IE 11 Not Supported

For optimal browsing, we recommend Chrome, Firefox or Safari browsers.

What Could AR/VR Do for Social and Emotional Learning?

While VR hardware costs remain a major adoption barrier for K-12, experts say the technologies could provide an outlet for students with autism or social anxiety to practice social and emotional skills.

Four young students at a table wearing virtual reality headsets.
While K-12 schools have been slow to adopt augmented and virtual reality tools at scale, some ed-tech researchers and experts believe such tools might still play a key role in supporting social and emotional learning (SEL) as they become more functional and accessible.

According to a recent study from researchers at Central China Normal University examining the development of AR/VR educational technologies and use cases since 2013, augmented and virtual realities can provide students a space where they can repeatedly practice and improve social and emotional skills in a private, judgement-free environment, which can be beneficial for students with autism and social anxiety. In addition, the report found that VR simulation games focusing on building teamwork and other social and emotional skills can be particularly impactful for young children and adolescents.

“Virtual worlds not only simulate daily life in the physical world, but also allow children exploration of the environment and engagement in open communication, thereby enabling them to safely practice their social skills,” the report read.

Liz Hyman, president and CEO of the XR Association, a trade association that promotes AR/VR/XR technologies, said that while tech costs remain an adoption barrier for schools, the technology has been improving in recent years for education applications. She noted that in a 2022 XRA survey of over 1,400 high school educators conducted with the International Society for Technology in Education, nearly 70 percent of teachers said they hoped their schools would adopt AR/VR technologies and use them regularly to enhance instruction. She added that 77 percent of the educators said AR/VR technology was valuable for teaching social skills, and empathy specifically.

“Certainly, we’re seeing [extended reality] expand its application in the classroom, but we are also seeing increased use of XR to address mental health. One promising area is peer-to-peer counseling in the metaverse,” she said, noting a growing optimism among educators about using AR/VR tools in the years ahead.

Among the many ed-tech companies developing and experimenting with AR/VR simulation-based digital learning programs, Discovery Education recently launched a VR program that allows students to explore New York City and learn more about science, technology, engineering and math (STEM)-related careers along the way. Phil Birchinall, Discovery Education’s senior director of immersive content, said that he believes AR/VR’s ability to put students in scenarios where they can practice communication and collaboration skills could make a difference in efforts to promote student mental health and SEL, a major concern for K-12 schools in the aftermath of the deadly COVID-19 pandemic.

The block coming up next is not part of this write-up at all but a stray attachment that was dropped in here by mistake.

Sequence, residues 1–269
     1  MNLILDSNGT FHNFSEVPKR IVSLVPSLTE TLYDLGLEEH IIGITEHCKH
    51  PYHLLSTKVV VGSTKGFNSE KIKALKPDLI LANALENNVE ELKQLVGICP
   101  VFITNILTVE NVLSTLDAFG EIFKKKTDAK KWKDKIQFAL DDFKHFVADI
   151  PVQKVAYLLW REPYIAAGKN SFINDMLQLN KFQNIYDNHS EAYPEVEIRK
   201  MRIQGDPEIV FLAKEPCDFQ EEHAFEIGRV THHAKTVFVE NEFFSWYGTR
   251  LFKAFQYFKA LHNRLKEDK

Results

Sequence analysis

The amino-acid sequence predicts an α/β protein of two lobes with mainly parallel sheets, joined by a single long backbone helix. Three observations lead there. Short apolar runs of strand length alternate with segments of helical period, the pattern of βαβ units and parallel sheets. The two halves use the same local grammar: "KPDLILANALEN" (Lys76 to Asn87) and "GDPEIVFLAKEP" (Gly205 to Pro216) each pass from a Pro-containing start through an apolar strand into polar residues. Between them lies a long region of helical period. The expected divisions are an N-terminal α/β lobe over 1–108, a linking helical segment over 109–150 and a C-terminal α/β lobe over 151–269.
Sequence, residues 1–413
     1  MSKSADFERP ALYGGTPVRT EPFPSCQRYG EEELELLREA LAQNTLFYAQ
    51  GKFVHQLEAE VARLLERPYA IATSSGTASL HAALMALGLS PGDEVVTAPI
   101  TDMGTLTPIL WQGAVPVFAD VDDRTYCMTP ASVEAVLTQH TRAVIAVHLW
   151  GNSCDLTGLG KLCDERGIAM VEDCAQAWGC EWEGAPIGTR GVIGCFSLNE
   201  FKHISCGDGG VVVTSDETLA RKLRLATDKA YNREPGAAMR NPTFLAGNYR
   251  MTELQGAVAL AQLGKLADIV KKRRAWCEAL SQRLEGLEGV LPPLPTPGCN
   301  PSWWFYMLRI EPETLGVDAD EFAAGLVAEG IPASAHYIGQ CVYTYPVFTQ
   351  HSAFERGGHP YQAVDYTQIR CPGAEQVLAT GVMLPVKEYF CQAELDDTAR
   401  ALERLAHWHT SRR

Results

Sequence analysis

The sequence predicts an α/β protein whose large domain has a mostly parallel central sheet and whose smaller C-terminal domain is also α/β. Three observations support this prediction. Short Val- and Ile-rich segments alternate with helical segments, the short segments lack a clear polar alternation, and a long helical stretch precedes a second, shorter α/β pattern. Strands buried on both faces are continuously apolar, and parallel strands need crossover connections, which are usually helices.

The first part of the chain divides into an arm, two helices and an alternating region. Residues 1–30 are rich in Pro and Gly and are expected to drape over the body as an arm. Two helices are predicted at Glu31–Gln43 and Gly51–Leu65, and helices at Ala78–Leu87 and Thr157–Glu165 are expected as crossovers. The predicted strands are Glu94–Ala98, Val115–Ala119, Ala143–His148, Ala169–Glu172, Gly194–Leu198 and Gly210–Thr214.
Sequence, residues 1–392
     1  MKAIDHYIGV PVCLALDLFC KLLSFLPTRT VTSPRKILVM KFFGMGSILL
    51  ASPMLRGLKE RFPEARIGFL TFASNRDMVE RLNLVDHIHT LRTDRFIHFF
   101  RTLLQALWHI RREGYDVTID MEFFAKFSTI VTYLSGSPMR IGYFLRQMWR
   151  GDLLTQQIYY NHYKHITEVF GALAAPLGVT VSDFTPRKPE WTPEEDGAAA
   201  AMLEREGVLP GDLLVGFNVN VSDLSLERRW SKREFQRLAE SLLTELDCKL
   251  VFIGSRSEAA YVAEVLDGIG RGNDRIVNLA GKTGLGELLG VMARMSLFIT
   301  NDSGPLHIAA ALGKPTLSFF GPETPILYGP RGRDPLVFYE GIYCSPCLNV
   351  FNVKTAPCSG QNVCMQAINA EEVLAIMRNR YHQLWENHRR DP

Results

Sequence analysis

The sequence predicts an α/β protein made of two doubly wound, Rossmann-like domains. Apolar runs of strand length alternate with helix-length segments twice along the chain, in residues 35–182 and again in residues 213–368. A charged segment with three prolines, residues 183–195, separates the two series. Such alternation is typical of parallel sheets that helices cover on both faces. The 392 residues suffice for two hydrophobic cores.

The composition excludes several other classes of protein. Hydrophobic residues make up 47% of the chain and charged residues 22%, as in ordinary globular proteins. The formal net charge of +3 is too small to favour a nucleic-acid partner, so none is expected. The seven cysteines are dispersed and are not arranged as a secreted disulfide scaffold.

“The thing about augmented reality and virtual reality is it’s this great amplifier, and it creates this experiential learning scenario. When [students are] collaborating, all the soft skills are starting to come in. They’re using immersive content to solve problems as if they are actually there,” he said. “You can go anywhere with it. ... Understanding environments, understanding scenarios, and just being able to navigate through those in an immersive way [makes AR/VR] a powerful learning tool.”

Ari Lightman, a professor of digital media at Carnegie Mellon University, noted that AR/VR technology has been gaining more traction at universities in recent years, adding that the technology has been used for teaching nursing students how to navigate medical scenarios and for workforce training, among other applications where SEL comes into play. In addition, several universities have been working over the past year to develop and launch their own metaversities, or “digital twin” campuses, where students can attend courses using Meta Quest 2 VR headsets provided through a partnership with VictoryXR and Meta announced last summer.

Lightman agreed that AR/VR technology could prove to be a vital tool in efforts to promote SEL in K-12, and student mental health in general, but reiterated that adoption costs remain a key barrier.

“AR and VR can be used for a variety of different cases,” he said. “A lot of kids are visual learners. … I believe it could help tremendously in terms of understanding how to respond within specific situations.”

Touching on adoption costs, the Central China report recommended that schools conduct their own cost–benefit analyses to understand the economic and labor implications of using VR for SEL interventions. Luckily, for schools that cannot afford expensive VR headsets and other hardware, the report noted that advancements over the past decade in mobile technology and smartphones could eventually make AR and other simulation-based learning programs more accessible.

“Although VR may prove to be effective in numerous areas, the purchasing of VR equipment and developing of VR scenarios remain quite expensive. Most current research fails to account for the costs associated with utilizing VR,” the study noted.
Brandon Paykamian is a staff writer for Government Technology. He has a bachelor's degree in journalism from East Tennessee State University and years of experience as a multimedia reporter, mainly focusing on public education and higher ed.